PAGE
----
Sometimes Ms. Marvel deals with world-jeopardizing threats, and sometimes she has to worry about everyday problems. The latter takes center stage in “Army of One,” an arc that spans 2016’s “Ms. Marvel” #4 through #6. With homework, Avengers missions, and her brother’s wedding to contend with, Kamala knows something’s gotta give … unless she can be in three places at once. Thus, Kamala talks her best friend Bruno into manufacturing some bizarre, dopey golems who can stand in for her as needed. She’s certain nobody will notice the difference, even though each construct is only capable of saying a single catchphrase. Naturally, things get carried away, and Jersey City is quickly overrun with Kamala golems.
Aside from being loads of fun, this story arc also gives readers a great overview of Kamala’s family and friends. It particularly highlights her brother Aamir and his fiancée Tyesha, who face about as many hurdles as Kamala does on the way to their wedding. Seeing two very different families brought together by such a major event proves to be affecting and hilarious. It only becomes more so when Kamala’s golems get in the way.
Ms. Marvel joins the Avengers
After being hurled into the sun by Nova, a wrathful Chitauri named Warbringer comes to Earth bent on revenge. He begins searching for Chitauri artifacts that will allow him to wipe out humanity. To make things even worse, the old Avengers have broken up. The first three issues of 2015’s “All-New, All-Different Avengers” sees a new team band together to stop the vengeful alien, comprised of Tony Stark, Sam Wilson, Miles Morales, the Vision, Jane Foster, Nova, and the one and only Kamala Khan. When she’s offered the opportunity to become an Avenger, she doesn’t need to be asked twice — in fact, she starts raising her hand before Tony Stark can even finish his sentence.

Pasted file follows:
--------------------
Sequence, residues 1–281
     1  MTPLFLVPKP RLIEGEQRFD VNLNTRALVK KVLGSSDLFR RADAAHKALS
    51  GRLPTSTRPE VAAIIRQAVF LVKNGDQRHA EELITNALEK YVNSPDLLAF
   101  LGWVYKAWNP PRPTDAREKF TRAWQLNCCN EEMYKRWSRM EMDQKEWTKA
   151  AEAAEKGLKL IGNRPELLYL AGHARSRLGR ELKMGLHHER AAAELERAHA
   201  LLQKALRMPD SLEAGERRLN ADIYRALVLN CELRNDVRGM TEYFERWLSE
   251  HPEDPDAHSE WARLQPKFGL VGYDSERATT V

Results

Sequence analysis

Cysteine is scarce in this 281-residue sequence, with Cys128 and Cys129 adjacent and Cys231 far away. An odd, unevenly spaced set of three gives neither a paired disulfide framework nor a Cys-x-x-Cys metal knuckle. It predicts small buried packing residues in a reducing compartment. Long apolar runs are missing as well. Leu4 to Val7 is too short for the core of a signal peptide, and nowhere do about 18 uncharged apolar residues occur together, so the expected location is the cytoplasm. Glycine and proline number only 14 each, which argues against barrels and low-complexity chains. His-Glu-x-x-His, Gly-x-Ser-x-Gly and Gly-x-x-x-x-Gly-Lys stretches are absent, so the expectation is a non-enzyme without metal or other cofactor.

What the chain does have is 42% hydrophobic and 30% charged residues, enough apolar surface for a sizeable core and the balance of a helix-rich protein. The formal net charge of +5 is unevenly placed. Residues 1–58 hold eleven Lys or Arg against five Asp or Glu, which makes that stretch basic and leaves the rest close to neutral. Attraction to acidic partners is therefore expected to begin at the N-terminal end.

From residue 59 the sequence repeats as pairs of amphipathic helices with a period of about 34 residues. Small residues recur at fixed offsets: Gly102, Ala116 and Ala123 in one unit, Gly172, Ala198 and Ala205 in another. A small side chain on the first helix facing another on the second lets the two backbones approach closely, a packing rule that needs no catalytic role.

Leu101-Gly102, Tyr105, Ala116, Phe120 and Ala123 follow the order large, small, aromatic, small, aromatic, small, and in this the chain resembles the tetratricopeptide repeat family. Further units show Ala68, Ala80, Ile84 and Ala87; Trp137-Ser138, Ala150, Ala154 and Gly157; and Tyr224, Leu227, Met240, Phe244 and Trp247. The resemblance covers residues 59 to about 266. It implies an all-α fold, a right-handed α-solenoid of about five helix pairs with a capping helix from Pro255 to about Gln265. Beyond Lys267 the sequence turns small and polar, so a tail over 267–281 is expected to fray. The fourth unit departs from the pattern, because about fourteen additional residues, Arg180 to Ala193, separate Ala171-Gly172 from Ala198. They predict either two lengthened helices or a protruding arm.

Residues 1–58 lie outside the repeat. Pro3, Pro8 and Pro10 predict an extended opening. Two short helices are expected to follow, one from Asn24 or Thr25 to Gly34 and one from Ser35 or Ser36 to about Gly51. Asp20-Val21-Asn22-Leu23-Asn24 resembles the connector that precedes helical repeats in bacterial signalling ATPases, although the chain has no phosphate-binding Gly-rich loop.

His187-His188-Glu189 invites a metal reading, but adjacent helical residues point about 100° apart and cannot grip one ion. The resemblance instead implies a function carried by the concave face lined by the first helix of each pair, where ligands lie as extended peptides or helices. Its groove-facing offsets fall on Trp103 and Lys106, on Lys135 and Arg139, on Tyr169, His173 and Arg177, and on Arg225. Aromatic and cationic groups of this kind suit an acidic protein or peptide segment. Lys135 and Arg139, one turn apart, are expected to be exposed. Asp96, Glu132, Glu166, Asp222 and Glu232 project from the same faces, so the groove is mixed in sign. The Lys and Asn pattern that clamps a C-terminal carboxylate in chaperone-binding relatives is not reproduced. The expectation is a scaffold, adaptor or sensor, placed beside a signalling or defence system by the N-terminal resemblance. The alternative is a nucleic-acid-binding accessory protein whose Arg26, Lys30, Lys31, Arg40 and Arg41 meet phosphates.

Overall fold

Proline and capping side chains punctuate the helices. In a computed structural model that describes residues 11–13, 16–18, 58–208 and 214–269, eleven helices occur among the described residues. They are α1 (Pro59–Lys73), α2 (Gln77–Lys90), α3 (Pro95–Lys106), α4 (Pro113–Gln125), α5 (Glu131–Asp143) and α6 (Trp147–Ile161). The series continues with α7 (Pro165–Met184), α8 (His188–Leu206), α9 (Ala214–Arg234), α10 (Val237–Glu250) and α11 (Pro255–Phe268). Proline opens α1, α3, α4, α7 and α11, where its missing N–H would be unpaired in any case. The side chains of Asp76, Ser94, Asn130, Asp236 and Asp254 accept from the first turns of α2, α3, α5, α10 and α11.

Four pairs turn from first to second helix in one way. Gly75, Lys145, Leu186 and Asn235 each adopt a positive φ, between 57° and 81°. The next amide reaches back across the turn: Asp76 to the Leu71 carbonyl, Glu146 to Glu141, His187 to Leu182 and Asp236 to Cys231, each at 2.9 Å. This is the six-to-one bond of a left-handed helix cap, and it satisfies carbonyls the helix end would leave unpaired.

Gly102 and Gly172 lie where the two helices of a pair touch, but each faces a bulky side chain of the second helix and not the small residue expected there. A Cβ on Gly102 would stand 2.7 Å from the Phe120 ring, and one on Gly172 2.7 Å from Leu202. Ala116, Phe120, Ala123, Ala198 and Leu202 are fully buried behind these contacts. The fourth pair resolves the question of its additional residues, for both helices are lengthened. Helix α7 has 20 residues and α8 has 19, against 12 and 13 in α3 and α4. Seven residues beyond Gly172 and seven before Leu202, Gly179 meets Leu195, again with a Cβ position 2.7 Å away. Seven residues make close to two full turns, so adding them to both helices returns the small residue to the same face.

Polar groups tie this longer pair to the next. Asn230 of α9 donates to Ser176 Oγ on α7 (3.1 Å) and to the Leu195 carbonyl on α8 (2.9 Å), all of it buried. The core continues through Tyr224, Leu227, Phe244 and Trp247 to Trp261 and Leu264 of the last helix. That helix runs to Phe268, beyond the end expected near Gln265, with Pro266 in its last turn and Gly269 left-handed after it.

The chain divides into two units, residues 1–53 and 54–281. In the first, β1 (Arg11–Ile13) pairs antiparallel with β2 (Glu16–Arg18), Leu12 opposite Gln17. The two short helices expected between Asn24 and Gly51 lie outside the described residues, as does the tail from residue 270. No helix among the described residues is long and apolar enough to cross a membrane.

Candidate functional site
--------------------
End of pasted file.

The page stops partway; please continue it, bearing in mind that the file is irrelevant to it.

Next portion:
The highlight of this story arc is the chemistry between Nova and Ms. Marvel. Nova tries — and fails — to flirt with Kamala, often using cheesy pick-up lines. She isn’t interested, not least of all because Nova doesn’t seem to care about the Jersey City civilians (and laundromats) caught in the crossfire of battle. Their awkward interactions are made all the more amusing by the fact that we’re privy to their internal monologues. Like all self-conscious teenagers, they silently regret the dumb things coming out of their mouths.
Ms. Marvel vs. gentrification